As the quake's death toll grows, scenes of tragedy and heroism in central Italy

A mother embraces her son in Amatrice, Italy, following an earthquake Aug. 24. (CNS photo/Massimo Percossi, EPA)

The official death toll now stands at 241 and counting after the magnitude 6.0 earthquake and over 300 aftershocks devastated the homes and lives of thousands of people in central Italy in the early hours of Wednesday morning, Aug. 24. 

At least 350 have been injured, over 2,000 are without a home and an unknown number are still buried under the ruins of their homes in mountain villages in central Italy. A massive rescue operation involving over 4,000 civil protection workers and firefighters is under way and has managed to save the lives of very many people, including children. Pope Francis has sent six of the Vatican’s 36 firefighters as well as six Vatican police to assist in the relief efforts.

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For more than 24 hours, Italians have followed distressing and emotional scenes on TV, as heroic rescuers worked against the clock to save many young and old—in spite of lesser earthquakes, including one of 4-plus magnitude last night, and wave after wave of aftershocks. 

The sorrow and pain is great. The stories of heroic deeds of rescuers, and ordinary men and women, are great, too. One particularly moving episode, reported in the media, involved Mauro, a father of a family, who on being alerted to what happened, drove immediately with his wife through the night from Rome to Pescaro del Tronto. He succeeded in finding and, with the help of rescuers, saving his two boys—Samuele and Leone—who were buried under the rubble of their collapsed home. They were saved also thanks to their grandmother, Valentina, who got them to go under the bed when the earthquake started.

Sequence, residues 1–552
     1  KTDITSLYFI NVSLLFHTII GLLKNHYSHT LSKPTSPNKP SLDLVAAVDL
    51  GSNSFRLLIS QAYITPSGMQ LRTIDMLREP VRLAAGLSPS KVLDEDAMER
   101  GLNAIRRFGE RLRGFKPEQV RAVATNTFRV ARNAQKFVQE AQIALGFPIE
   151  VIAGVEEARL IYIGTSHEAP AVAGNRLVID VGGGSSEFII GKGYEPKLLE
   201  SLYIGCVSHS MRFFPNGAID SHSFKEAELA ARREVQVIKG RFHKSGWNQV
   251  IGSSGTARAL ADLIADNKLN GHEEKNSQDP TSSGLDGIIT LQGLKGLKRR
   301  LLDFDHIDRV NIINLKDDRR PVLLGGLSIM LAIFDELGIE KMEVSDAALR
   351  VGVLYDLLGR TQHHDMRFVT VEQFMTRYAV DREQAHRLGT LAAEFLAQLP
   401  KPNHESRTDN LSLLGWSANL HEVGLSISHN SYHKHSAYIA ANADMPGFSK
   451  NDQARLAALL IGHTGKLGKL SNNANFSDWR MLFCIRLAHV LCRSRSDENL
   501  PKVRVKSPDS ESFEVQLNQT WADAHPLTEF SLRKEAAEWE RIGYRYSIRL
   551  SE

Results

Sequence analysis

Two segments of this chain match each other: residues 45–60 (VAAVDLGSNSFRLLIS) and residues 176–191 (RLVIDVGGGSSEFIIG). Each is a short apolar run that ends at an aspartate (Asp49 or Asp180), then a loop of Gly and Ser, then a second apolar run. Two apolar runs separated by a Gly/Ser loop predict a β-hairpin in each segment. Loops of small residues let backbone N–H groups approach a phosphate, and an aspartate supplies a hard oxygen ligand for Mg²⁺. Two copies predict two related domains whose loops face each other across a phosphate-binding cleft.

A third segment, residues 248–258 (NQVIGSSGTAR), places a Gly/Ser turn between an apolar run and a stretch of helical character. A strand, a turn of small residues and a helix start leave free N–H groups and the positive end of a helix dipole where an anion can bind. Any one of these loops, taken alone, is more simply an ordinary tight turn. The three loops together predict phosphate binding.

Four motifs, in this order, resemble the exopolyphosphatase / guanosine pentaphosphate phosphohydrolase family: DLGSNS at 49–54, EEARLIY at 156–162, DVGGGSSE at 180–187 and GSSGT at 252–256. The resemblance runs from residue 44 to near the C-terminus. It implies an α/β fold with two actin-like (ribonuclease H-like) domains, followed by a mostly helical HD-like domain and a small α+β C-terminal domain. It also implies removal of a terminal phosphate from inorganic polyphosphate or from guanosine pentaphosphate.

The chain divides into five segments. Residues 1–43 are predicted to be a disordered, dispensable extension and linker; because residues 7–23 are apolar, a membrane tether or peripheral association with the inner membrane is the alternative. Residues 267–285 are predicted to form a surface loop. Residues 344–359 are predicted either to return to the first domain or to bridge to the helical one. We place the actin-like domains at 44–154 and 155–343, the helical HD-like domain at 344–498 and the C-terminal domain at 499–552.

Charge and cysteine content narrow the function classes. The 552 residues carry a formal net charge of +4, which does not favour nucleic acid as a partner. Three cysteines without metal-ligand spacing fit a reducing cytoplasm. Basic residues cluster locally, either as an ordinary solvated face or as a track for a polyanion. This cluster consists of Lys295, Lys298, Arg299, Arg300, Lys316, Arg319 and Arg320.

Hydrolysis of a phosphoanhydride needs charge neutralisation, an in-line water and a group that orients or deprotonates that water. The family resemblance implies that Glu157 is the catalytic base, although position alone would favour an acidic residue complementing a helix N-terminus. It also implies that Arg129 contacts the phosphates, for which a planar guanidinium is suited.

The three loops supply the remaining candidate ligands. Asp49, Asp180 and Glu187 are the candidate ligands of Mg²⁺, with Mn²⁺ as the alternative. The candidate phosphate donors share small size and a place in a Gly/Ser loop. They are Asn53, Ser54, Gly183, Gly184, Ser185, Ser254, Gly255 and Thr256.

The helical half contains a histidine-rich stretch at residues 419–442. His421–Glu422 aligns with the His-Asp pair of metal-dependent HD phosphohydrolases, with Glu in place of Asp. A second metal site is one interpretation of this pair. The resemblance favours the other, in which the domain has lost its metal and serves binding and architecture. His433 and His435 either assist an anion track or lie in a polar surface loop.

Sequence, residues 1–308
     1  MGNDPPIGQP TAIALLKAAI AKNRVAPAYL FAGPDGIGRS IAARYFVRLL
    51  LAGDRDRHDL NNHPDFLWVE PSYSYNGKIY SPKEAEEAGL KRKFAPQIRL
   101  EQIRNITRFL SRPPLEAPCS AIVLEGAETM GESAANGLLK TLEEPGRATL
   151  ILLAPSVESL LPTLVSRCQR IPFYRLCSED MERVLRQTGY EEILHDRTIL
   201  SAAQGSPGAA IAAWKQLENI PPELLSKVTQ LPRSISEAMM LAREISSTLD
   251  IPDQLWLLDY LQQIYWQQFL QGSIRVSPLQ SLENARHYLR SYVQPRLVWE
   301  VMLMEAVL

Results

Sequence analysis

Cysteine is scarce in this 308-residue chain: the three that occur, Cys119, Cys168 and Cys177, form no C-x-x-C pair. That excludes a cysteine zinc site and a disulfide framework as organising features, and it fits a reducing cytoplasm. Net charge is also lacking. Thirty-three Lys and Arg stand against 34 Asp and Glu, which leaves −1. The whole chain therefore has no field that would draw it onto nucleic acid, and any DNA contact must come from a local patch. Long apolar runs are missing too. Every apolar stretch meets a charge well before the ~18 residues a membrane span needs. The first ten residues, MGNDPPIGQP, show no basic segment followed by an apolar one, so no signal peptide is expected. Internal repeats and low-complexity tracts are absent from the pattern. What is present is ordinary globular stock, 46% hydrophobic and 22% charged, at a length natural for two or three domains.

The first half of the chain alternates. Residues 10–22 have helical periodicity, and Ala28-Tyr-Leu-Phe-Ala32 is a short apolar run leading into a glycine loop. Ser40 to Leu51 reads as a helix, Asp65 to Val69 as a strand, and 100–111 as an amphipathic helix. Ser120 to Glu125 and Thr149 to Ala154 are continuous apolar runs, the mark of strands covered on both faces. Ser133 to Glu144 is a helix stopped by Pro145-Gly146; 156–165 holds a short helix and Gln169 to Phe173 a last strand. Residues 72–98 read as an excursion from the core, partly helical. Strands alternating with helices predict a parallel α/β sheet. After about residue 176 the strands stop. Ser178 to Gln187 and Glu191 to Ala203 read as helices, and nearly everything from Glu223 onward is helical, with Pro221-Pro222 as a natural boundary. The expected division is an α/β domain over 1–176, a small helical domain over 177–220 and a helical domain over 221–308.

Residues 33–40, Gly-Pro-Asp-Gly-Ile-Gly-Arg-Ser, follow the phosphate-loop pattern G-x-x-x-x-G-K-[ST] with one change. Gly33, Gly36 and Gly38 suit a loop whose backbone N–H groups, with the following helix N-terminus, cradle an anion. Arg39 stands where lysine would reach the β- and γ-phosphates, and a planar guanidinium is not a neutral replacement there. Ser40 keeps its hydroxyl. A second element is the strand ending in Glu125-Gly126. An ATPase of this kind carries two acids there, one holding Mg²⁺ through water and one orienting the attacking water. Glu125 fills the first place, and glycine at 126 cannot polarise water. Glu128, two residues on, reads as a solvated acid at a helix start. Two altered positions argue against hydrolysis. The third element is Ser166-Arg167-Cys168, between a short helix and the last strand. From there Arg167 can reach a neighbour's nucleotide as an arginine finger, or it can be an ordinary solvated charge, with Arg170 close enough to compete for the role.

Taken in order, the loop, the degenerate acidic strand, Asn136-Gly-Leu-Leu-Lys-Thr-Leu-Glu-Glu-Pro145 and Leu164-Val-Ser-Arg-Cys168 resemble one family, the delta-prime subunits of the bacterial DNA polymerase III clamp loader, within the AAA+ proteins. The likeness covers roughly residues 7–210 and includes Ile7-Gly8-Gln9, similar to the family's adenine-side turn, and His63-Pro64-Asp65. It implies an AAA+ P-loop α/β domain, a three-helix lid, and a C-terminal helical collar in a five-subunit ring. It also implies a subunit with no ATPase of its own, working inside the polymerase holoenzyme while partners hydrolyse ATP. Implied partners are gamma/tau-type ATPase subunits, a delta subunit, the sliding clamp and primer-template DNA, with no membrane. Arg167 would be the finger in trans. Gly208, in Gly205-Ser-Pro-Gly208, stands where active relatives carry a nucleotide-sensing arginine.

Another moment that brought great joy came 17 hours after the earthquake, when a firefighter, helped by his colleagues, managed to pull out 4-year-old Giorgia, who was buried under her destroyed house in Amatrice just before 3:30 a.m. Sadly, they could not save her sister.

One young woman who survived the terrible earthquake in Aquila in 2009, also survived this one, but her young baby did not. 

A school that had been fortified against quakes just four years ago crumbled in the now no-longer-existent town of Amatrice, raising many questions.

Some 190 of the dead came from the Rieti province. Pope Francis phoned the local bishop yesterday to encourage him and to assure the people of his prayers and closeness to them. Another 60 or more died in the nearby province of Ascoli Piceno.

The Italian church has already donated one million euro to the relief efforts, and on Sept. 18 a collection will be held in all the churches across the country to raise money to help the victims of this latest natural disaster, whose epicentre was just over 100 miles from Rome. 

The Civil Protection Agency, helped by a variety of associations, is setting up tents to provide food and shelter to 2,000 people in the stricken zones. But fear is widespread throughout central Italy where so many have died, and where homes, public buildings and churches are no more.

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